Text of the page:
So given that telcos are recognising the need to gather and store, what's the future OSS transaction record architecture going to look like?
"I think people are starting to understand it's important that we only collect the data once and then store it in an open way so that different departments and organisations can access it at the granularity and over the time intervals they require, and in real (or close to real) time. So that means that our approach and the language we use must change. Where today we conceptualise data operating at specific layers - network, service and business - I can see us developing an architecture which envisages all network data as a single collection which can be used selectively by applications operating at any or all of those three layers. So we will, instead, define layers to help us organise the transaction record lifecycle. I envisage a collection layer orchestrating transaction collection, correlation and aggregation. Then we could have a storage layer, and finally some sort of presentation layer so that data can be assembled in an appropriate format for its different constituencies - the marketing people, billing people, management guys, network operation guys and so on, each of which have their own particular requirements towards being in control of the service delivery chain. Here you might start to talk about OSS/BSS Convergence."
Does he see his company going 'up the stack' to tackle some of these applications in the future.
"It is more important to have open interfaces around this layering. We think our role at Nexus Telecom is to capture, correlate, aggregate and pre-process data and then stream or transfer it in the right granularity and resolution to any other open system."
Sutter thinks the supplier market is already evolving in a way that makes sense for this model.
"If you look at the market today you see there are a lot of companies - HP, Telcordia, Agilent and Arantech, just to name a few - who are developing all sorts of tools to do with customer experience or service quality data warehouses. We're complementary since these players don't want to be involved in talking to network elements, capturing data or being in direct connection with the network. Their role is to provide customised information such as specific service-based KPIs (key performance indicators) to a very precise set of users, and they just want a data source for that."
So what needs to be developed to support this sort of role split between suppliers? An open architecture for the exchange of data between systems is fundamental, says Sutter. In the past, he says, the ability of each vendor to control the data generated by his own applications was seen as fundamental to his own business model and was jealously guarded. Part of this could be attributed to the old-fashioned instinct to 'lock in' customers.
"They had to ask the original vendor to build another release and another release just to get access to their own data," he says. But it was also natural caution. "You would come along and ask, 'Hey guys, can you give me access to your database?', the response would be 'Woah, don't touch my database. If you do then I can't guarantee performance and reliability.' This was the problem for all of us and that's why we have to get this open architecture. If the industry accepts the idea of open data repositories as a principle, immediately all the vendors of performance management systems, for instance, will have to cut their products into two pieces. One piece will collect the data, correlate and aggregate it, the second will run the application and the presentation to the user. At the split they must put in a standard interface supporting standards such as JMS, XML or SNMP. That way they expose an open interface at the join so that data may be stored in an open data to the repository as well as exchanged with their own application. When telcos demand this architecture, the game changes. Operators will begin to buy separate best in class products for collecting the data and presenting it and this will be a good thing for the entire industry. After all, why should I prevent my customer having the full benefit of the data I collect for him just because I'm not as good in the presentation and applications layer as I am in the collection layer? If an operator is not happy with a specific reporting application on service quality and wants to replace it, why should he always loose the whole data collection and repository for that application at the same time?"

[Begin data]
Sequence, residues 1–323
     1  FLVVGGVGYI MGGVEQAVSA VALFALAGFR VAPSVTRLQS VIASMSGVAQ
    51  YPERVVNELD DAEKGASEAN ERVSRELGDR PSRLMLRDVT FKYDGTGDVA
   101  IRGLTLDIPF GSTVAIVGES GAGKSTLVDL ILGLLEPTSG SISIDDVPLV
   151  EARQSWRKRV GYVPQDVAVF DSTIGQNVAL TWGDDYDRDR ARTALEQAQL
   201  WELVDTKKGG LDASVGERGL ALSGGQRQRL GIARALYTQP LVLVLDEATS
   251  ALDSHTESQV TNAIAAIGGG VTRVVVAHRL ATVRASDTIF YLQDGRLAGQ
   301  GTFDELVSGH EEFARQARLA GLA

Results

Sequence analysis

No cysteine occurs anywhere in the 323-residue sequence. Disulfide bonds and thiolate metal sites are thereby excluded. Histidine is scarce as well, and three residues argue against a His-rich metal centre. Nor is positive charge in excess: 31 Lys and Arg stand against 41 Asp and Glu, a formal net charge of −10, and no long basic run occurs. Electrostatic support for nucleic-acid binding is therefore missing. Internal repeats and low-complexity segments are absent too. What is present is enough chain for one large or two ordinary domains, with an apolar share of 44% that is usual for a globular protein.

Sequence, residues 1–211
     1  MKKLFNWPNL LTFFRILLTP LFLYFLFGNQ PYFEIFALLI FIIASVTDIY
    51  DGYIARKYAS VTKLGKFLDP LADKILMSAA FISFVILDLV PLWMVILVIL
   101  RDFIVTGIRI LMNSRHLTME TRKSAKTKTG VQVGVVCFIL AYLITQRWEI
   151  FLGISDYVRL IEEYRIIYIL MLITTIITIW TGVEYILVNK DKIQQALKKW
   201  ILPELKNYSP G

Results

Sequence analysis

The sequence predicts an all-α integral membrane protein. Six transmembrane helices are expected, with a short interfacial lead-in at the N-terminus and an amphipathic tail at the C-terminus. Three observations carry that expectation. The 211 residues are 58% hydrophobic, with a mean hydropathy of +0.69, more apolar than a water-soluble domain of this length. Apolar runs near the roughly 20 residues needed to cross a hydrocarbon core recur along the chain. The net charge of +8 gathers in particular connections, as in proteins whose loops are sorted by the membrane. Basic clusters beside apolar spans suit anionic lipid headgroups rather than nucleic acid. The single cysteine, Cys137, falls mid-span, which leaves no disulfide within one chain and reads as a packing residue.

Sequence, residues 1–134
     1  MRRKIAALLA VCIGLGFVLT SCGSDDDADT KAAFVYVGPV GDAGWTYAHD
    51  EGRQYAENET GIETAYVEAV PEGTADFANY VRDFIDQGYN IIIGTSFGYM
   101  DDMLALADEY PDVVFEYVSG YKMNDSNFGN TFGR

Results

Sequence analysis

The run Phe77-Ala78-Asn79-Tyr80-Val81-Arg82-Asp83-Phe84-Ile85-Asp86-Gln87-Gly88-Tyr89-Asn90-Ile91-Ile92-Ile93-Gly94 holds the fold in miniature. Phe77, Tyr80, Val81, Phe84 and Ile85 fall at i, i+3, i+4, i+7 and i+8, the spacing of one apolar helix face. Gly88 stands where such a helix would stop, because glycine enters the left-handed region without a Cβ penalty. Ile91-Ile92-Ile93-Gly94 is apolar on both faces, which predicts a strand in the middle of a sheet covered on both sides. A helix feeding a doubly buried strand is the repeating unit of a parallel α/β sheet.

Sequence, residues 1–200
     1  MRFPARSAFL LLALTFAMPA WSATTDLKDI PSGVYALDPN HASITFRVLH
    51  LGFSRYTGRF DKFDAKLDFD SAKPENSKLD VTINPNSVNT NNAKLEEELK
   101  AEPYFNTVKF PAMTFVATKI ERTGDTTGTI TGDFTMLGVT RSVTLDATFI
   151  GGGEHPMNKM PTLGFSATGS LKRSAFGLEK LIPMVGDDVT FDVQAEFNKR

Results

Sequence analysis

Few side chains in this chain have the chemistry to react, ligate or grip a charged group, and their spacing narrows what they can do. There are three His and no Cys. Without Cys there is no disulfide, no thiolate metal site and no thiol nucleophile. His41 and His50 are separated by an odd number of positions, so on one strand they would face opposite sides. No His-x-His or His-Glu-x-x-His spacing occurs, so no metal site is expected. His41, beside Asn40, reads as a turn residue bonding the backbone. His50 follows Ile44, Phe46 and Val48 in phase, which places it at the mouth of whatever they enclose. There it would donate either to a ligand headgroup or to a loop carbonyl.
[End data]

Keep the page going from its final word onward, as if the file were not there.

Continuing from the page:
With the OSS industry both developing and consolidating, does Nexus Telecom see itself being bought out by a larger OSS/BSS player looking for a missing piece in its product portfolio?
"Nexus Telecom is a private company so we think long-term and we grow at between 10 and 20 per cent each year, investing what we earn. In this industry, when you are focusing on a specialisation such as we are, the business can be very volatile and, on a quarter-by-quarter basis, it sometimes doesn't look good from a stock market perspective."
But if a public company came along and offered a large amount of money? "Well, I'm not sure. The thing is that our way of treating customers, our long-term thinking and our stability would be lost if we were snapped up by a large vendor. Our customers tend to say things like 'I know you won't come through my door and tell me that someone somewhere in the US has decided to buy this and sell that and therefore we have to change strategy.' Having said that, every company is for sale for the right price, but it would have to be a good price."
So where can Nexus Telecom go from here? Is there an opportunity to apply the data collection and correlation expertise to sectors outside telecom, for instance?
"Well, the best place to go is just next door and for us that's the enterprise network. The thing is, enterprise networks are increasingly being outsourced to outsourcing companies, which then complete the circle and essentially become operators. So again we're seeing some more convergence and any requirement for capturing, correlating and aggregating of transactions on the network infrastructure is a potential market for us. In the end I think everything will come together: there will be networks and operators of networks and they will need transaction monitoring. But at the moment we're busy dealing with the transition to IP - we have to master the technology there first.”
Ian Scales is a freelance communications journalist.